Improving cube processing time

As your SSAS cube gets bigger, cube processing time will become a problem.  This is especially true as more and more companies want cube processing during the day instead of the usual off-hours time when no one is using the cube.  Partitioning the cube can help to reduce the processing time.  So can using a different processing strategy than a Process Full.

The biggest benefit of partitioning is that it allows you to process multiple partitions in parallel on a server that has multiple processors.  This can greatly reduce the total cube processing time.  Note that partitioning requires the enterprise version of SQL Server 2008 (view version differences).

Regarding the best possible processing strategy, I suggest the following steps:

1. Process Update all the dimensions that could have had data changed.  Depending on the nature of the changes in the dimension table, Process Update can affect dependent partitions.  If only new members were added, then the partitions are not affected.  But if members were deleted or if member relationships changed (e.g., a Customer moved from Redmond to Seattle), then some of the aggregation data and bitmap indexes on the partitions are dropped.  The cube is still available for queries, albeit with lower performance (with Process Update flexible aggregations and indexes on related partitions will be dropped).  This means after a Process Update you need to do a Process Index on the partitions (see step #3).

2. Process Data the partitions that have changed data (which are usually the most recent partitions).  Of course, the smaller the partition, the better, so try to use daily partitions instead of monthly or use monthly partitions instead of yearly.  Note that Process Data processes data only without building aggregations or indexes.

3. Process Index for the rest of the partitions (the partitions that have not changed).  Note instead of doing step #2 and step #3 separately you could just do a Process Full (which does a Process Data and Process Index behind the scenes).  However, the best practice is to do a Process Data and Process Index separately instead of a Process Full, because: it is a bit faster, it reduces the stress on the server, it makes data available to end-users sooner (while a Process Index is happening, users can still query cube), and you can just run Process Index if Process Data completes but Process Index bombs.  As another option, instead of doing a Process Index, you can do a Process Default, which will evaluate the state of all the partitions: for one’s that had a Process Full it will ignore them; for one’s that did not process, it may or may not touch them (it will if they were part of a dimension and the aggregations were dropped, in which case it will rebuild those aggregations and indexes via a Process Index but it won’t reprocess the data); for one’s that had a Process Data it will build out the aggregations and indexes (Process Index).

There is one more option to consider, a Process Incremental, which can be used in place of all the above steps.  But you can only do a Process Incremental if there are new records for the partition (no updates or deletes), as a Process Incremental never deletes or updates existing members, it only adds new members.  A Process Incremental internally creates a temporary partition, processes it with the target fact data, and then merges it with the existing partition.  Process Incremental doesn’t drop aggregations and indexes.  Note a big point of confusion is that when you choose “Process Incremental” in the GUI, it really translates it into a Process Add, and it only works for partitions and dimensions (yet for some reason the Process Incremental option does not show up on the GUI for dimensions - you need to fire it using XMLA).  Even though the GUI has the Process Incremental option available for Cube and Measure Group, it scripts those to work only on the partitions.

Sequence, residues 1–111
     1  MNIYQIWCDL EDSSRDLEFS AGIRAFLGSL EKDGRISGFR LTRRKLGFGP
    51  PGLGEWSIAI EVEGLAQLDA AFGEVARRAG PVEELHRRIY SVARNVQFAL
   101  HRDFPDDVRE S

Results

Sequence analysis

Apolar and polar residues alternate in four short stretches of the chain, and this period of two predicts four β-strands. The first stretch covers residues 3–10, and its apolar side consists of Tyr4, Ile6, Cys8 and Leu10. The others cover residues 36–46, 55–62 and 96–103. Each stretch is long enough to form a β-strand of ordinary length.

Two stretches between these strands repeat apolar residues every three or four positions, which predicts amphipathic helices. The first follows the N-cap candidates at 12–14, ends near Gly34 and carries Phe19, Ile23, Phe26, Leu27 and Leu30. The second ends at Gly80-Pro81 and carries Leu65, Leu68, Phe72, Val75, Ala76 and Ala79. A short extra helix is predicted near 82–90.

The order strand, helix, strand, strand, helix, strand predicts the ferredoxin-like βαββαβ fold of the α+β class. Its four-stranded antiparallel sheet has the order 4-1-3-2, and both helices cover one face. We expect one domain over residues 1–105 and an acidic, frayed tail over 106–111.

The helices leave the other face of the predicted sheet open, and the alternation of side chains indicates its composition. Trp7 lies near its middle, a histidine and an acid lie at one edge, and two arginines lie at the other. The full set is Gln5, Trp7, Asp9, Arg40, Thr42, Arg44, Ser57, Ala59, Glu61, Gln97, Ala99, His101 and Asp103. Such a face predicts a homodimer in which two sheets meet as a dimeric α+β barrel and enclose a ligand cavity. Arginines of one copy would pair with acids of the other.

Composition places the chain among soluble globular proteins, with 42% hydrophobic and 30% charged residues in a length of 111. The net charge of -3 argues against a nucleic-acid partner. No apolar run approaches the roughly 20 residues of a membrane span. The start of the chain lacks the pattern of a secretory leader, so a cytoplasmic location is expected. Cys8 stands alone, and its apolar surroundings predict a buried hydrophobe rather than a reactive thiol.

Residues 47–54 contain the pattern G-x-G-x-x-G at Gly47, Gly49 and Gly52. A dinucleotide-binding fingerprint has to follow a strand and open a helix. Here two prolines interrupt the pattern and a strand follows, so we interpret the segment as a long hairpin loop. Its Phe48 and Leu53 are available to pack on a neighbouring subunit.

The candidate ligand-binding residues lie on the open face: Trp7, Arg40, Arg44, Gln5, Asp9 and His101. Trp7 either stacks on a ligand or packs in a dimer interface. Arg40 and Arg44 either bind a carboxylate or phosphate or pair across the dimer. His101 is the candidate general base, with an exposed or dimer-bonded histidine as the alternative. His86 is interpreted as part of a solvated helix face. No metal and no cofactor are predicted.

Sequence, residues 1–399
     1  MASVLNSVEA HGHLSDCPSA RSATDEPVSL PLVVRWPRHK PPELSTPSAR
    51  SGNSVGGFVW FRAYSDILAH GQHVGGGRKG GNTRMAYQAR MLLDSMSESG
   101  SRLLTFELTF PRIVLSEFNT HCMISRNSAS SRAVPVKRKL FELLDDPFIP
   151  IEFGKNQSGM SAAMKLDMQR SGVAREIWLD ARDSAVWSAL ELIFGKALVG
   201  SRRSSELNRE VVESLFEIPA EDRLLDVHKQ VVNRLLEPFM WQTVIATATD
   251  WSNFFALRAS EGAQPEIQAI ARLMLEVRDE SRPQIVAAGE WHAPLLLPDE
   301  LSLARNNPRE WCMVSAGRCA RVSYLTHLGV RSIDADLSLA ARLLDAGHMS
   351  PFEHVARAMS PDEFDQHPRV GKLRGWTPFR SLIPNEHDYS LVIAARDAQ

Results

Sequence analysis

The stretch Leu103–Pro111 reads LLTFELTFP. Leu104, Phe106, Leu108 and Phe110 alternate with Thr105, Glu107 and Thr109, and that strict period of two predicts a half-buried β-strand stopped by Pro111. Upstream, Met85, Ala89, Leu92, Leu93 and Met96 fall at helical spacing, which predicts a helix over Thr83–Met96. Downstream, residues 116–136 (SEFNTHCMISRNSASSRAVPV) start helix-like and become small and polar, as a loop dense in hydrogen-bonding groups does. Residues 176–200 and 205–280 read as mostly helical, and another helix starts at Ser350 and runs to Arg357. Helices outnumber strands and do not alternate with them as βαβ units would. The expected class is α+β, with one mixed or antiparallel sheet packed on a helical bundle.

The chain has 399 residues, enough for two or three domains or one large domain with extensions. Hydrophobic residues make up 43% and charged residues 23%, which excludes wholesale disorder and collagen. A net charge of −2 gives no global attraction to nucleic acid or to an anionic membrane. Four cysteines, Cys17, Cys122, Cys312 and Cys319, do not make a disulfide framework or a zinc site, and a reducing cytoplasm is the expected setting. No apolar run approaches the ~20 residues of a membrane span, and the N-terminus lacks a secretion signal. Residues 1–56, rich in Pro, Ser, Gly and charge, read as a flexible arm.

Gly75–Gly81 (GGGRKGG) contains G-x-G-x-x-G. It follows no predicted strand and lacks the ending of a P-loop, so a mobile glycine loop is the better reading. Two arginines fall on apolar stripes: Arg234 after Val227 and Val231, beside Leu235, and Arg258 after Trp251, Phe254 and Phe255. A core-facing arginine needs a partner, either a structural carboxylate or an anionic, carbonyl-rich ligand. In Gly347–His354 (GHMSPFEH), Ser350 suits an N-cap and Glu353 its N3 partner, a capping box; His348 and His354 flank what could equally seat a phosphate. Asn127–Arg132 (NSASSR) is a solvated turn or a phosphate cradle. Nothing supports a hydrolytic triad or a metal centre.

I prefer to have my cube do a Process Full occasionally to mop up any deletes or updates to measure groups, and to just generally ensure it’s exactly the same as the tables it’s built from.

Other options for increasing processing speed is to improve I/O: More/Faster spindles, short-stoke the disks, use solid-state disks.

And other ways to improve processing speed: add faster CPU, add more memory, use remote partitions, use a dedicated SSAS server, changing Processing thread pool (used for allocating worker threads for processing jobs), use Jumbo Frames, changing AggregationMemoryLimitMin/AggregationMemoryLimitMax, increase the network packet size, use multiple NICs.

Since a picture is worth a thousand words, here are all the process options depending on the type of object:

More info:

Can you query a SSAS cube while it is processing?

Use cube partitions to improve Analysis Services performance

Dynamic Cube Partitioning in SSAS 2008

Handling And Tuning Really Large Analysis Services Cubes

Video Tuning Analysis Services Processing Performance

SSAS: Process Incremental – What it is & isn’t

SSIS Design Pattern – Incremental Loads

Processing Options and Settings

Analysis Services 2005 Processing Architecture

Different Kinds of SSAS Processing in simple words…..

Video PASSMN May 2010 – SSAS Design & Incremental Processing (blog)

Implementing Analysis Services Process Add Functionality

ProcessAdd on Large Dimensions

The basics of faster fact processing in Analysis Services

SSAS performance tuning (Case Study)

SSAS 2005: Cube Performance Tuning Lessons Learned

The Anatomy of a process update – Part 1

SSIS Package to Process SSAS Cube

About James Serra

James is SQL Server MVP and a independent consultant with the title of Business Intelligence/Data Warehouse/Master Data Management Architect and Developer, specializing in the Microsoft SQL Server BI stack.
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